John Paczkowski

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Eve Ensler Calls for Rape-Free Cellphones

Eve Ensler at D7

On May 13, 2009, the Senate Foreign Relations Committee held a hearing called “Confronting Rape and Other Forms of Violence Against Women in Conflict Zones.” Its purpose: to end the use of rape as a weapon of war in the Eastern Democratic Republic of Congo–a place where 1,100 women a month are raped, in part as a consequence of the region’s coltan trade. Coltan, or columbite tantalite, is a mineral essential to the manufacture of a wide array of consumer electronics–cellphones, laptops. Among those who testified: Eve Ensler, playwright of “The Vagina Monologues” and the founder of V-Day, a global movement to end violence against women and girls–and a speaker at D7.

Session Highlights

Live Blog

  • Kara Swisher introduces Ensler, describing “The Vagina Monologues” author–with a bit of understatement–as a “strong lady.”
  • Kara kicks things off with a stat noting that while many people say they are aware of corporate social responsibility, few people know what it means.
  • Ensler describes the history of V-Day, noting that it began as an offshoot of “Vagina Monologues.” While working on that show, she found that many women approached her not to discuss their sex lives, but their experiences with sexual violence.
  • Kara asks Ensler to explain the current situation in the Congo. “I think I’ve been to a lot of scary places, but nothing I’ve ever seen compares with the Congo. It is without a doubt the worst place on the planet to be a woman.”
  • Ensler says that the coltan trade in the Congo has created a sort of “Blood Diamond” situation there, with militias using violence and rape as a means controlling the trade. She recounts some truly horrific examples of the type of violence against women.
  • Kara asks about the link between coltan mining and rape. Ensler explains that militias gain control of the mines by fracturing communities with rape, using sexual violence to control slave labor as well.Eve Ensler at D7
  • What can companies do to stop such behavior. A boycott, perhaps? Ensler says that’s not a solution. It would only inspire more violence. Awareness is a better option. Companies should make the coltran sourcing transparent. They should put watchdogs and surveyors at the mine sites to prevent rape. They should dedicate more resources to making rape-free products.
  • Kara: How do you raise consumer awareness around something that people use every day in Wiis and cellphones, but don’t know about? Ensler says people care about the products they use and that companies might sell more products if they tout them as built from rape-free components. “This is an integrated process.”
  • Kara asks about industry cooperation. Ensler says that’s just beginning. Pledges have been made, but there hasn’t been much done beyond that. “The rape and desecration of the Congo is the rape and desecration of all of us….I need companies to say, ‘this matters,’ and to step forward and commit to making rape-free products.”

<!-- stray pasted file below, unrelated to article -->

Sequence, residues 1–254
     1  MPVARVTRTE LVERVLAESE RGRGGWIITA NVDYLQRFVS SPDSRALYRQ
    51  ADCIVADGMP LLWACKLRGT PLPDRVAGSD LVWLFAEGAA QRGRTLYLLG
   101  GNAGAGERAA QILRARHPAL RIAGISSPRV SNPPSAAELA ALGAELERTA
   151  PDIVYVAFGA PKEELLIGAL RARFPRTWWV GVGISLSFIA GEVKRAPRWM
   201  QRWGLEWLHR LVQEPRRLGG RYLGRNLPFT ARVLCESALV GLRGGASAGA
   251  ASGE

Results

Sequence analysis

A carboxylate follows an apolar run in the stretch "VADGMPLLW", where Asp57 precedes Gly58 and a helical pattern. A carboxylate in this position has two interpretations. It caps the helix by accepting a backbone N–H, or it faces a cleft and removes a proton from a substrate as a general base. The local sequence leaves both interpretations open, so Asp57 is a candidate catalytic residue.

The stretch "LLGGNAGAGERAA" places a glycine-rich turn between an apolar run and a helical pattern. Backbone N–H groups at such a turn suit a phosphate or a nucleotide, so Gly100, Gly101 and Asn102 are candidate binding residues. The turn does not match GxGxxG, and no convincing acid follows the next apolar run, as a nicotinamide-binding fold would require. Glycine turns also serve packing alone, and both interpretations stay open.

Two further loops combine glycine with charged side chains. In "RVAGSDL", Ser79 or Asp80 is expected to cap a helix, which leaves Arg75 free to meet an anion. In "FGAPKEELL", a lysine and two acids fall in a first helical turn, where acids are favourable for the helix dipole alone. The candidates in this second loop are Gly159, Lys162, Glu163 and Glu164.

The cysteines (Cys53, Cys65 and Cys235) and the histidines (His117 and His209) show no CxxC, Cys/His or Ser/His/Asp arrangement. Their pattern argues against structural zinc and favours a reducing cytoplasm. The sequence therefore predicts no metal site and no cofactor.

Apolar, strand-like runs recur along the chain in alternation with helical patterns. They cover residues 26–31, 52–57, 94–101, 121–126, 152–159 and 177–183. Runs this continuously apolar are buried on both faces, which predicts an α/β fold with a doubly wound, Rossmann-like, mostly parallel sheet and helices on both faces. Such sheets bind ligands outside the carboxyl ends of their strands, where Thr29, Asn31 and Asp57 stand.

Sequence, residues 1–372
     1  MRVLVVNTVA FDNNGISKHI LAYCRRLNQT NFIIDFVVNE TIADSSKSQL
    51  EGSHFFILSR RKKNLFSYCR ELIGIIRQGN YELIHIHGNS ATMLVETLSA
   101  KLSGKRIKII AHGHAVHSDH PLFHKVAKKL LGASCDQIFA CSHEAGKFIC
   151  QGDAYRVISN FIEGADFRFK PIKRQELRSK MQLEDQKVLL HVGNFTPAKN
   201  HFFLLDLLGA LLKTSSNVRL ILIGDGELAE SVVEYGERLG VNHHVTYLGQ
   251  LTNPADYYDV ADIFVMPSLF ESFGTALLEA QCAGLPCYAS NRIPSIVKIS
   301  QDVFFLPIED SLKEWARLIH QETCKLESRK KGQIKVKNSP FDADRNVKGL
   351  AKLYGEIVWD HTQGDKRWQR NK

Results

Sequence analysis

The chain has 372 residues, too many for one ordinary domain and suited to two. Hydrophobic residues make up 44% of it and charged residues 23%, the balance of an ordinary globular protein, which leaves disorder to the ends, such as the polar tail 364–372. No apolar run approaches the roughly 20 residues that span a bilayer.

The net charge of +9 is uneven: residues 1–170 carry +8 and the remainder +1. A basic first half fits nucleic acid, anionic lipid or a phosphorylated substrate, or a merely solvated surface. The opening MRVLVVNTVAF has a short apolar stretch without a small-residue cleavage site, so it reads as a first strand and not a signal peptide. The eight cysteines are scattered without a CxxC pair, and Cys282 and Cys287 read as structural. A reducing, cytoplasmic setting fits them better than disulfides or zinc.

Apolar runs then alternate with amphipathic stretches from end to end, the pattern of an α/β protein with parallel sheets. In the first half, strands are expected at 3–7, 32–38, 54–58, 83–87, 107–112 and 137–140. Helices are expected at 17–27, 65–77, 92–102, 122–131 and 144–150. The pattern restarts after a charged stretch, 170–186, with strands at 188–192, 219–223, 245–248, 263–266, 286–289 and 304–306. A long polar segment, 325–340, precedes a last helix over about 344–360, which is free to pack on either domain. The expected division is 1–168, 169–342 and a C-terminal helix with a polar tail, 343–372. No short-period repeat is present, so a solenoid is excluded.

• Ensler again stresses that boycotts are not a good solution. The area is far too poor, and boycotts would be far too damaging to it.
  • What other sorts of technology might be brought to bear here? Ensler notes the difficulty of communicating in the bush and suggests a simple phone that would allow rape victims to apprise others in the area of what’s been done to them.
  • Moving on to the Q&A. First questioner asks about ways for the common man/woman to help. Ensler stresses the importance of spreading the word about what’s being done–on blogs, social networks, etc. Again, she says, awareness is key. She notes the differences between the response to what’s going on in the Congo and what happened in Bosnia. The situation in Bosnia was addressed comparatively quickly. What’s been happening in the Congo has been going on for 12 years.
  • Questioner notes that simply raising awareness ultimately doesn’t solve the problem. What’s to be done after that? Ensler pitches the same idea of awareness. Only buy a phone if you know it’s rape-free, she says. “I know I’d be willing to pay more for a phone if I knew it was made from materials that were not involved in women being raped.”
  • Gary Shapiro, president and CEO of the Consumer Electronics Association, stands up to suggest that these issue are perhaps a bit too complex to be solved by the solution Ensler proposes. Ensler bristles a bit and says it’s not her duty to provide a solution. Its his and the companies he represents.
  • Question from Susan Wojcicki at Google (GOOG). Is there an economic opportunity for the region by selling electronic companies rape-free components? Ensler says she believes there is, but someone has to make that happen.
  • End of Q&A.

A note about our coverage: This liveblog is not an official transcript of the conversation that occurred onstage. Rather, it is a compilation of quotes, paraphrased statements and ad-lib observations written and posted to the Web as quickly as we were able. It was not intended as a transcript and should not be interpreted as one.

Eve Ensler Session Photos

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Eve Ensler at D7.

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